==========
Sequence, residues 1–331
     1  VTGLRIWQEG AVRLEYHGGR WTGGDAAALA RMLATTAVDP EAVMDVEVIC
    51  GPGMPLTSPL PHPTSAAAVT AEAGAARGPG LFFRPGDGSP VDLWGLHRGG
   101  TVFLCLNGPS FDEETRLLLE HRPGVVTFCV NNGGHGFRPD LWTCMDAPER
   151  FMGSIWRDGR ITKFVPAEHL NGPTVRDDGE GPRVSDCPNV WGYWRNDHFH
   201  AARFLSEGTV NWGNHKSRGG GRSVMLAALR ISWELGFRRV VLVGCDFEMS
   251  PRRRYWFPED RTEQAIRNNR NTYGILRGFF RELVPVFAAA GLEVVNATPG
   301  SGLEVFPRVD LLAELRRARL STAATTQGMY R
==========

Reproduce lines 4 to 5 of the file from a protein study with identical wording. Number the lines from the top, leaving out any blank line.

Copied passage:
   101  TVFLCLNGPS FDEETRLLLE HRPGVVTFCV NNGGHGFRPD LWTCMDAPER
   151  FMGSIWRDGR ITKFVPAEHL NGPTVRDDGE GPRVSDCPNV WGYWRNDHFH